Faculty Fellow, Colby College
Contributor, Platypus: The CASTAC Blog
Nell Haynes is a Faculty Fellow at Colby College. Her research addresses themes of gender & indigeneity in Latin America. Specifically she is interested in the ways that notions of who counts as "authentically indigenous" become expressed through and troubled by popular culture and media. Nell earned her Ph.D. in Anthropology at American University in 2013 with a concentration in Race, Gender, and Social Justice, and holds a Bachelor of Science Degree from Northwestern University in Anthropology and Theater. She is the author of Social Media in Northern Chile and co-author of How the World Changed Social Media.
Contributions to Platypus: The CASTAC Blog
Disponible en español aquí. This afternoon, I began to notice increasingly alarming images, posts, and tweets from my interlocutors in Santiago. It appeared that Santiago was on fire, and that the military was in the streets. Images of familiar streets and landmarks now felt doubly familiar, as their similarity to images taken during the coup of 1973 were undeniable. A quick Google search confirmed my fears; Piñera had declared a state of emergency in response to the student metro protests, that there were already deaths, disappearances, and torture reported, and that a curfew had been implemented. Switching over to Whatsapp, I sent frantic messages to my interlocutors and former host family to check that they were safe (they were.) However, it was clear that—even for seasoned activists—this felt different. Many recalled memories or iconic images of the 1973 coup, wondering if history might be about to repeat itself. As the day progressed, I began to receive WhatsApp and Facebook messages with videos, audio recordings, documents, and links with captions like, “save this, they’re trying to erase it.” Though it is unclear to whom this erasing “they” refers, Chileans have clearly learned—at great cost—the importance of actively preserving evidence of political corruption, military and police abuse, and human rights violations. --Baird Campbell, Field Notes, 10/19/19 Both authors received these kinds of media files with similar messages asking them to save the files. Such statements reveal an anxiety around preserving memory, and indeed around media as a conduit for preservation. To many (more...)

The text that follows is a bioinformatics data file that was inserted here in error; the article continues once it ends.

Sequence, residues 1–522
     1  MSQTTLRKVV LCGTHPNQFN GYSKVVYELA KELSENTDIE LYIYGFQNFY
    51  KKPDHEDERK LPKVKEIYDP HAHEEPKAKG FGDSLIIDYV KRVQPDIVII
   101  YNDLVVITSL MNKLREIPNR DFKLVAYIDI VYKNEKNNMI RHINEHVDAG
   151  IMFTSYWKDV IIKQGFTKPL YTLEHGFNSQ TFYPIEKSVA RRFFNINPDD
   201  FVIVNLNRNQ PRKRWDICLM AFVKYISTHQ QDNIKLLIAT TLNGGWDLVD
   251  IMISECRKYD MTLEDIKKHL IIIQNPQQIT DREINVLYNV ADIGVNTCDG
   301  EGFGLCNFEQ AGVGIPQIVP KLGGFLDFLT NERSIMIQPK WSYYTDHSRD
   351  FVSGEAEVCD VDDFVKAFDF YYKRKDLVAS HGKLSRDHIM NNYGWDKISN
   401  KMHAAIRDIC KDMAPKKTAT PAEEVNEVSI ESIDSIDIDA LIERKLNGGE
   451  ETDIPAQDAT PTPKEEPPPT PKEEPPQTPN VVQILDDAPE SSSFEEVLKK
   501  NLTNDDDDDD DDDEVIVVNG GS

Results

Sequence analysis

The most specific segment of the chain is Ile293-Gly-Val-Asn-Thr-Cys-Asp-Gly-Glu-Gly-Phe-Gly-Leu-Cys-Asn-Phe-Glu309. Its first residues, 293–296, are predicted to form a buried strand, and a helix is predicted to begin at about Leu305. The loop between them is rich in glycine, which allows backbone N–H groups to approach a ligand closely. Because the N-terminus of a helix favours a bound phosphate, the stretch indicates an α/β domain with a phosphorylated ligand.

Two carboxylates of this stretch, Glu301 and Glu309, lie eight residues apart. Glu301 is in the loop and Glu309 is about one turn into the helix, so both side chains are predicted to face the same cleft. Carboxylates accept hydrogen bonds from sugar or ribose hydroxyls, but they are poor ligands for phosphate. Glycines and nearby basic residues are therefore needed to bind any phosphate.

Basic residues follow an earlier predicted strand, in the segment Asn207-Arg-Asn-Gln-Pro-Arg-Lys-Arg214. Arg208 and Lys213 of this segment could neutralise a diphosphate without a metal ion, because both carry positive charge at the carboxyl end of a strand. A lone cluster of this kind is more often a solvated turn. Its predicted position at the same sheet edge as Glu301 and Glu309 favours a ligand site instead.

Introduction: Satellite Túpac Katari
Editor’s note: this post is also available in Spanish, from the link in the sidebar.
In 2013, Bolivia became the last of South America’s major nations to launch a telecommunications satellite. The government outsourced construction and the satellite’s launch to the People’s Republic of China for USD302 million. Bolivia’s first Indigenous president, Evo Morales, was present in Xichang for the launch while those in Bolivia’s capital city, La Paz, watched on large screens erected in public squares. They cheered as the satellite, named after 18th century Indigenous leader Túpac Katari, started to climb.